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Spot on Jill. That's exactly what it looks - and feels - like. In the good old days before BSS, "Swift" used to have a glass thingy (water separator?) in the fuel line and I could see at a glance the state of her fuel. Now, of course, I have to find a spanner with which to undo the lower half of my new fuel filter to see what lurks in the fuel. In the past I have discovered said "frog's spawn" and, to my shame, have done absolutely nothing about it - I confess to being lazy by nature.

I'm no great fan of wonder potions and I suppose my question is, by doing nothing, am I doing irreparable damage to the great lump of ballast in the bottom of the boat that masquerades as an engine. It's a Lister Freedom FRM4 and, in twenty years, it has never once let me down. (I lie. It stopped once in the middle of Hickling Broad. NO FUEL!!) I did a top end overhaul about ten years ago and found only one piston and liner in reasonably good shape. One piston had a quarter inch hole in the top! That dear old Lister was still running like a sewing machine. They don't make 'em like they used to you know.

I feel sure there must be a knowledgeable engine person here who can tell me that I'm slowly killing the heart of my boat. Be gentle with me please!

David

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Hi David, bug will not harm your engine, in fact with the correct micron of filter it won’t even reach that far, the worst that can happen it that it will stop it by blocking the filters with the dead bodies of the critters at an inopportune (or even dangerous) moment, that's why seagoing skippers tend to take it seriously. Running low on fuel or shaking up the tank in bad weather can exacerbate the problem of course. One of the reasons I prefer enzyme treatments for already contaminated fuel is that it is designed to break down the bodies rather than just kill em. You could always fit a Racor primary filter with an approved glass bowl then you can keep an eye on it.

Don't know what you're worried about though, a Lister will run on coal dust if it has to :naughty: :-D

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Exactly right Rod, they live in the water and then nip over to the interface and eat the bloody diesel you’ve just paid a quid a litre for. Kill ‘em that’s what I say, no mercy. Poison them or send the enzymes in to eat them, biocide as a prophylactic, enzymes as a cure And always, always, carry a couple of spare primary and engine filters.

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  • 2 weeks later...

Hi,

Filling up the car at the garage today the pump was working quite slowly. When I went to pay the lady was about to shut down the pump and remarked she hoped that the tank filter was not clogged with the Diesel Bug, as other garages were starting to have problems. She also said that the Bio Diesel mixes were more prone to the problem. There are some EU regulations about increasing the levels of Bio Diesel in fuels so the problem might increase.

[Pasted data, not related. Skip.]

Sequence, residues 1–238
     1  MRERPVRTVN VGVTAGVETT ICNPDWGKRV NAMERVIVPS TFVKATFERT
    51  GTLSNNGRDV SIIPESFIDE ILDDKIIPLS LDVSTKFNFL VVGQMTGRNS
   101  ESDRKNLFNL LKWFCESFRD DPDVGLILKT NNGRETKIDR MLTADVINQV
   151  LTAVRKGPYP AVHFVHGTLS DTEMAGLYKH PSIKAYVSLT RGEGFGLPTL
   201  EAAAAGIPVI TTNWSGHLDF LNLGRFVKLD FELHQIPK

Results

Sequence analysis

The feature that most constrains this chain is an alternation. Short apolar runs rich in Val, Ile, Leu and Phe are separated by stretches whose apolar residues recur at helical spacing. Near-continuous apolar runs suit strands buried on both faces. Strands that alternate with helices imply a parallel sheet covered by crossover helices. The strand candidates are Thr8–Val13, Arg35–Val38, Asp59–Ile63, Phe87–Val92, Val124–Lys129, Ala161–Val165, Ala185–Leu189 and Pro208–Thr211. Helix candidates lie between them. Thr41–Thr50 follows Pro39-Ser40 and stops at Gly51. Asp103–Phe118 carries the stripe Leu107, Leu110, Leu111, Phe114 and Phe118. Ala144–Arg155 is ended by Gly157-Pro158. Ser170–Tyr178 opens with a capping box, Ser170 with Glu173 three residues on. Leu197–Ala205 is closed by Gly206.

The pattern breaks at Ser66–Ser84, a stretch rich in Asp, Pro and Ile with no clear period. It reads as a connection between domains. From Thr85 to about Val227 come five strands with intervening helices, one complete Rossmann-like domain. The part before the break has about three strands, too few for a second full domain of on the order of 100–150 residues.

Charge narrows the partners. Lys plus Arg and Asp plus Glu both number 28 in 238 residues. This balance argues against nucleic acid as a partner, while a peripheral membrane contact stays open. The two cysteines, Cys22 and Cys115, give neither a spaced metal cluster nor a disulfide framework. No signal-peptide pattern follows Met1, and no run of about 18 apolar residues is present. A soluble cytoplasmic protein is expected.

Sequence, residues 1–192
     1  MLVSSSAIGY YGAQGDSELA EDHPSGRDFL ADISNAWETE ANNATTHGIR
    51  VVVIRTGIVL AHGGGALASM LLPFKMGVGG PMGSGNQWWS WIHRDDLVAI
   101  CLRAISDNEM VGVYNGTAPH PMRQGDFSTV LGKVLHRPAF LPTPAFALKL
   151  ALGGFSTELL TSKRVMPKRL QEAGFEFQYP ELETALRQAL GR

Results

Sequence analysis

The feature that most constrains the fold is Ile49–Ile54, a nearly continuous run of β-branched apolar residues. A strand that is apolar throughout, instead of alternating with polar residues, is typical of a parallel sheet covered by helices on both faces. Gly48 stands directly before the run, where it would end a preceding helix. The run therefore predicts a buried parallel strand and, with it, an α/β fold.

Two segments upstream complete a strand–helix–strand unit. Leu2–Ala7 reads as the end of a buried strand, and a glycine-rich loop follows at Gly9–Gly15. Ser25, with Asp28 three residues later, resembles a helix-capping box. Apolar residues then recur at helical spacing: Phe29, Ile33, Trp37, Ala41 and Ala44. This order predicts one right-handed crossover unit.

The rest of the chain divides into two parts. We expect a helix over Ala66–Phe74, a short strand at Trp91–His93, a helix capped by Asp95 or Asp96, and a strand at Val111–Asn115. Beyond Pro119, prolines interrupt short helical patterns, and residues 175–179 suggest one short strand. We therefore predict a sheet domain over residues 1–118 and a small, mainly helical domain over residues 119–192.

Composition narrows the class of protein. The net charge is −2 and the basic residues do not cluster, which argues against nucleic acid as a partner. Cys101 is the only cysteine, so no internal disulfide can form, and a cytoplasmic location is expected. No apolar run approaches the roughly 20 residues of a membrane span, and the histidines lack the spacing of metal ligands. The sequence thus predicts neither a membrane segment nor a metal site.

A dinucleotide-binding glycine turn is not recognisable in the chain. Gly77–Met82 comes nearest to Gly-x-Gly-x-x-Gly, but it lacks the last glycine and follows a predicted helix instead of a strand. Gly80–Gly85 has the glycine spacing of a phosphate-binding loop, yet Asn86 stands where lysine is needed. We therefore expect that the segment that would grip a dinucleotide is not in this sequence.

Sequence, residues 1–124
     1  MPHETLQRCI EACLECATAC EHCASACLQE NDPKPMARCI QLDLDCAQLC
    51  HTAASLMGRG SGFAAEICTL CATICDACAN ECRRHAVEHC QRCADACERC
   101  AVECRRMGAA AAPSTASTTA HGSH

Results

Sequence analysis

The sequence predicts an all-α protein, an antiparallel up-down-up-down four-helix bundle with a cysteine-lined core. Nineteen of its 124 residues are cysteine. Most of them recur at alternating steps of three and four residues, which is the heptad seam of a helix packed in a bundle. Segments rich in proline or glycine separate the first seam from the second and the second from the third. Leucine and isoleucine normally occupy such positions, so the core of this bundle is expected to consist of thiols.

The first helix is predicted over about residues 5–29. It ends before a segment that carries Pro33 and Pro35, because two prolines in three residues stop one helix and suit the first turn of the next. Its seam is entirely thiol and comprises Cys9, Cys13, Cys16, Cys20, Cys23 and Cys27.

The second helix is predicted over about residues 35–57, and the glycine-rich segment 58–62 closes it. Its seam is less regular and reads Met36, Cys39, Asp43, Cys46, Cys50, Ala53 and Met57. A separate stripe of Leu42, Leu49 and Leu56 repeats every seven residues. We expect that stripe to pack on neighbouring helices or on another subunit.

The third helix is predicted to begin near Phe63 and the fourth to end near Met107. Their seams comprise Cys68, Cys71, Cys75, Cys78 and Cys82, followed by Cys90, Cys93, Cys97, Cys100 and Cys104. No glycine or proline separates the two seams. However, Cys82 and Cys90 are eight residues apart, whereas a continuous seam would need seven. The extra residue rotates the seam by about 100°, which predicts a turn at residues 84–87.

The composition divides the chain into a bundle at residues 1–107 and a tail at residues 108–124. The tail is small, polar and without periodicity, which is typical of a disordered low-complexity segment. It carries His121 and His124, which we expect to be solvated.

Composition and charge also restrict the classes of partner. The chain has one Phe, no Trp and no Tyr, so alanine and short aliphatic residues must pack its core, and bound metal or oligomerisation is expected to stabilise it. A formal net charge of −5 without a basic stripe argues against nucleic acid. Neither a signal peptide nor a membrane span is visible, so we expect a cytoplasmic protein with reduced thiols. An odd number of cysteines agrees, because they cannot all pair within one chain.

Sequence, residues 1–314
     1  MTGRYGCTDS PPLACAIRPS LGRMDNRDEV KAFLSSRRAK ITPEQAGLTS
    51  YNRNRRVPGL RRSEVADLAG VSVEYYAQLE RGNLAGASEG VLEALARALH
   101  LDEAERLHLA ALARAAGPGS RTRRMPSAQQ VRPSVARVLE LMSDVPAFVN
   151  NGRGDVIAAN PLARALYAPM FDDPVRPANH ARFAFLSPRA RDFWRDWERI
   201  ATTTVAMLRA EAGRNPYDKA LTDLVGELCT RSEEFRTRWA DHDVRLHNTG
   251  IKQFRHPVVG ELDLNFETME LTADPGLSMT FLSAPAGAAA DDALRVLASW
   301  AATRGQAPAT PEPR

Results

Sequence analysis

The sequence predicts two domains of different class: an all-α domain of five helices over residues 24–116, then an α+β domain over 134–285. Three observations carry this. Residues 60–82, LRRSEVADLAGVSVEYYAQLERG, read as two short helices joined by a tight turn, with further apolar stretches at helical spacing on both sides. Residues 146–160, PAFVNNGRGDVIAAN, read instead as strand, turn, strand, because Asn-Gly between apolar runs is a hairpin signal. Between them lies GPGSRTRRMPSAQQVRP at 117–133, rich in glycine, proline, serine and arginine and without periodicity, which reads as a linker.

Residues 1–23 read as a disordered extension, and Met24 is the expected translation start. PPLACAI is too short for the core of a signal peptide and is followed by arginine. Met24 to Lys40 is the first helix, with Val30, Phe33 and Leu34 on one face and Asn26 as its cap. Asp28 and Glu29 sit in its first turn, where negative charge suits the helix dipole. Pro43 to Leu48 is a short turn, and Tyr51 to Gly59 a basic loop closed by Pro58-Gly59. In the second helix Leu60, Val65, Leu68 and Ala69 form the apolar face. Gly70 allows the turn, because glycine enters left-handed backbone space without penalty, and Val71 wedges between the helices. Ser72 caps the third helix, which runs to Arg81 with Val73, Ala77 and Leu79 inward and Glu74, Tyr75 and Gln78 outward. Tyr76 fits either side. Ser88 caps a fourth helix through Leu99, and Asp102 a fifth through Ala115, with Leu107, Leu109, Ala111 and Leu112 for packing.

Ian

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Mark

Why not pop into or call Euro Diesel / Norwich Engine Centre in Vulcan Road South Norwich.

I know they are engine rebuilders and diesel specilists so may be able to help.

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Hi,

Filling up the car at the garage today the pump was working quite slowly. When I went to pay the lady was about to shut down the pump and remarked she hoped that the tank filter was not clogged with the Diesel Bug, as other garages were starting to have problems. She also said that the Bio Diesel mixes were more prone to the problem. There are some EU regulations about increasing the levels of Bio Diesel in fuels so the problem might increase.

Ian

Bio content does increase the possibility of bug Ian, it does so by increasing the spectrum of organisms that can thrive in the tanks, diesel bug is not a is comonly held just one critter but a number of different ones and the more "friendly" you make the soup the more types will come to the table :o:cry

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  • 3 months later...

Gosh what a horrible mess it leaves cannot believe many boats have that condition as bad as that.My boat is 30 years old you would have thought that it would have had it at some point.Would not like that condition whilst at sea you need all the resources you can. :Stinky